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Framed Pictures, Canvas Prints
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Home > Images Dated > 2002

Images Dated 2002

Available as Framed Prints, Photos, Wall Art and Gift Items

Choose from 105 pictures in our Images Dated 2002 collection for your Wall Art or Photo Gift. Popular choices include Framed Prints, Canvas Prints, Posters and Jigsaw Puzzles. All professionally made for quick delivery.


Michael Collins 1890-1922) Irish Nationalist, Sinn Fein leader, founder and director Featured 2002 Print

Michael Collins 1890-1922) Irish Nationalist, Sinn Fein leader, founder and director

Michael Collins 1890-1922) Irish Nationalist, Sinn Fein leader, founder and director of intelligence of the Irish Republican Army 1919, minister for finance in the provisional government of the Irish Free State 1922, and for ten days Head of State before being killed. Born in County Cork, he became an active member of the Irish Republican Brotherhood and in 1916 fought in the Easter Rising. In 1918 he was elected a Sinn Fein member to the Dail, and became a minister in the Republican Provisional government. In 1921 he and Arthur Griffith were mainly responsible for the treaty that established the Irish Free State. During the ensuing civil war, Collins took command and crushed the opposition in Dublin and the large towns within a few weeks. When Griffiths died Collins became head of the state and the army, but he was ambushed near Cork by fellow Irishmen on 22nd August and killed. Topfoto stills library picture library stock archive vintage Ireland Irish Rebellion 1916

© TopFoto.co.uk

Irish Easter Rising 1916 - one of the banners up on the GPO by rebels - The Easter Rebellion Featured 2002 Print

Irish Easter Rising 1916 - one of the banners up on the GPO by rebels - The Easter Rebellion

Irish Easter Rising 1916 - one of the banners up on the GPO by rebels - The Easter Rebellion, was an armed uprising of Irish nationalists against the rule of Great Britain in Ireland. The uprising occurred on Easter Monday, April 24, 1916, and centred mainly in Dublin. The chief objectives were the attainment of political freedom and the establishment of an Irish republic. Centuries of discontent, marked by numerous rebellions, preceded the uprising. The new crisis began to develop in September 1914, following the outbreak of World War I, when the British government suspended the recently enacted Home Rule Bill, which guaranteed a measure of political autonomy to Ireland. Suspension of the bill stimulated the growth of the Citizen Army, an illegal force of Dublin citizens organised by the labour leader Jim Larkin (died 1948) and the socialist James Connolly (1870-1916); of the Irish Volunteers, a national defence body; and of the extremist Sinn F?in. The uprising was planned by leaders of these organisations, among whom were the British consular agent Sir Roger David Casement, the educator Padhraic Pearse (1879-1916), and the poet Thomas MacDonagh (1878-1916).Hostilities began about noon on April 24, when about 2000 men led by Pearse seized control of the Dublin post office and other strategic points within the city. Shortly after these initial successes, the leaders of the rebellion proclaimed the Independence of Ireland and announced the establishment of a provisional government of the Irish Republic. Additional positions were occupied by the rebels during the night, and by the morning of April 25 they controlled a considerable part of Dublin. The counteroffensive by British forces began on Tuesday with the arrival of reinforcements. Martial law was proclaimed throughout Ireland. Bitter street fighting developed in Dublin, during which the strengthened British forces steadily dislodged the Irish from their positions...... Topfoto stills library picture library sto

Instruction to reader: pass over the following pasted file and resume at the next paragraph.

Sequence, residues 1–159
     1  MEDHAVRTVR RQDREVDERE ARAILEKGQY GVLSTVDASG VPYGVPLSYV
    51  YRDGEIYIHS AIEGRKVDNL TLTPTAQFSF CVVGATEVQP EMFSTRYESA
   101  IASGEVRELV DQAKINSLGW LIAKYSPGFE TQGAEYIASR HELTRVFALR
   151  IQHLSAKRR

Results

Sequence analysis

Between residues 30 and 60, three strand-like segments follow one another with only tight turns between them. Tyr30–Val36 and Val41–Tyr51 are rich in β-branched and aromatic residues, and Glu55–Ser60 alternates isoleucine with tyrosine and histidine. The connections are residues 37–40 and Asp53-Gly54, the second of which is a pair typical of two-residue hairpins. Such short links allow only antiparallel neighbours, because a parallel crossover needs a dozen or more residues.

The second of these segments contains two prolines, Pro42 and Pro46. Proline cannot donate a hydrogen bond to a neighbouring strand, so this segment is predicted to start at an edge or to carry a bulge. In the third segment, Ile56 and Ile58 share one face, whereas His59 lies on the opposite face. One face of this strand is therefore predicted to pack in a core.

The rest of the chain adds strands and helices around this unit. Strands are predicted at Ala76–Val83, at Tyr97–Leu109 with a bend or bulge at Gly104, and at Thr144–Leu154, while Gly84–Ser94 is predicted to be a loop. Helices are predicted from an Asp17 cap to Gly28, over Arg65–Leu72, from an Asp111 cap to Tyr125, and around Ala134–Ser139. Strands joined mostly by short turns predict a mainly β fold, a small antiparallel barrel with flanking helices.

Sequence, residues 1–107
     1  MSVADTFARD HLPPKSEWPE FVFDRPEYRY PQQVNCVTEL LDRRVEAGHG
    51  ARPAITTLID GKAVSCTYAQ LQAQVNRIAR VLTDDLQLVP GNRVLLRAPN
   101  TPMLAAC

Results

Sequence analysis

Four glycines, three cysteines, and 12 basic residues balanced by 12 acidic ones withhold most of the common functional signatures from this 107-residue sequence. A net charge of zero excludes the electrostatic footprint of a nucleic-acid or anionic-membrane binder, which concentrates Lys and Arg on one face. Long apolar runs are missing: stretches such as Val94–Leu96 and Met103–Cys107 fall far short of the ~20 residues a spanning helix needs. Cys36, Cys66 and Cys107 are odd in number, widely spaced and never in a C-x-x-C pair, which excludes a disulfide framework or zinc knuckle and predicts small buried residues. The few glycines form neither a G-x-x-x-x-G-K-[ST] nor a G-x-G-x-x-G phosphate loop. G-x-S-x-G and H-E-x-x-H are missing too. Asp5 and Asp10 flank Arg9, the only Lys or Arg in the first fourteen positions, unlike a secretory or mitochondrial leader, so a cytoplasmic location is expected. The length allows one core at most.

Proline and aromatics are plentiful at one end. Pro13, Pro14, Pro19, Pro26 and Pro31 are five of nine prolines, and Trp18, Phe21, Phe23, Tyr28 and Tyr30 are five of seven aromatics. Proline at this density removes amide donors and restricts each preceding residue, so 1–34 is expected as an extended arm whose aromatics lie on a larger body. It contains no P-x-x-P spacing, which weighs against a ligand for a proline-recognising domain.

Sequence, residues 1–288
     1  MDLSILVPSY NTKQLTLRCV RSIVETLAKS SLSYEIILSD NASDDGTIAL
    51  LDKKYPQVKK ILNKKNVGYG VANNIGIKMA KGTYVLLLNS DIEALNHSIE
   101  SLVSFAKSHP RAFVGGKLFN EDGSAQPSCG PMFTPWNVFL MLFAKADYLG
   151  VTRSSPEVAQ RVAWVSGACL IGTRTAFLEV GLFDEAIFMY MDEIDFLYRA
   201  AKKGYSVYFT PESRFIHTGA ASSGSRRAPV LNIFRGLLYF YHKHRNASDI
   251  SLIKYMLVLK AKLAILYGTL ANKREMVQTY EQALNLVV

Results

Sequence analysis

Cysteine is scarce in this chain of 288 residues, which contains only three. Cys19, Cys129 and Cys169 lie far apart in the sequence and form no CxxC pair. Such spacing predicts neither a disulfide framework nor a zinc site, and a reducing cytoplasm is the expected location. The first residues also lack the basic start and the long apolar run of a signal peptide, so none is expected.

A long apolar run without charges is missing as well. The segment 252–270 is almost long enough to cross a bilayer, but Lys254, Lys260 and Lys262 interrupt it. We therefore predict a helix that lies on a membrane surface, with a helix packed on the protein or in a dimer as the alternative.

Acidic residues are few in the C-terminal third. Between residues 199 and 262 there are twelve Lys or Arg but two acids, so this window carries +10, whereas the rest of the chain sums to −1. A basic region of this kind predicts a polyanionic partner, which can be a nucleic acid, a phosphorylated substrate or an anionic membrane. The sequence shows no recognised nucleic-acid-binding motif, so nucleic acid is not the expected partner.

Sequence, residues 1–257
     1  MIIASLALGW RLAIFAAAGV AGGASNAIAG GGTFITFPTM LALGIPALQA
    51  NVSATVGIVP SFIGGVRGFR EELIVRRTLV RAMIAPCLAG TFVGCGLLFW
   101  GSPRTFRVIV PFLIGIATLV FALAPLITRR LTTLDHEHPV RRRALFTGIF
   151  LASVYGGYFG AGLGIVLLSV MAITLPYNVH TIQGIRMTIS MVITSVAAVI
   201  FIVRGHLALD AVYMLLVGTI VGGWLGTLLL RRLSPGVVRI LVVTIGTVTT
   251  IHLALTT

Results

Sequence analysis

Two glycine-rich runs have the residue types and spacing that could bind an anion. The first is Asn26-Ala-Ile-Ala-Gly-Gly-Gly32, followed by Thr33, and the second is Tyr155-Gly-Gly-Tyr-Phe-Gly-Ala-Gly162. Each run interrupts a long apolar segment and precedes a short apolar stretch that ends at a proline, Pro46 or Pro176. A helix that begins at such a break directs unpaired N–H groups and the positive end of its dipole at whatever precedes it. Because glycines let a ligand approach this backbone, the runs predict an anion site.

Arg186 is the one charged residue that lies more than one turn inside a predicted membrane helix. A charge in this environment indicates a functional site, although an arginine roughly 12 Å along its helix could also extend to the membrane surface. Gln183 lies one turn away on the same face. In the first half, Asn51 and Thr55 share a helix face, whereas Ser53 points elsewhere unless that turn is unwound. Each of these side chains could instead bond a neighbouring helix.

© TopFoto.co.uk

This shield is taken from a MS of the twelfth century, in the Royal Library at Paris Featured 2002 Print

This shield is taken from a MS of the twelfth century, in the Royal Library at Paris

This shield is taken from a MS of the twelfth century, in the Royal Library at Paris; and is of that narrow kite-like form which prevailed from the time of the Norman conquest till at least the reign of Henry II of England. The form of the shield then underwent a gradual change very similar to that experienced by the gothic window at a later period; the bow became wider and wider, and the arch flatter, until at last it took the form which is still given to it in coats of arms

© TopFoto.co.uk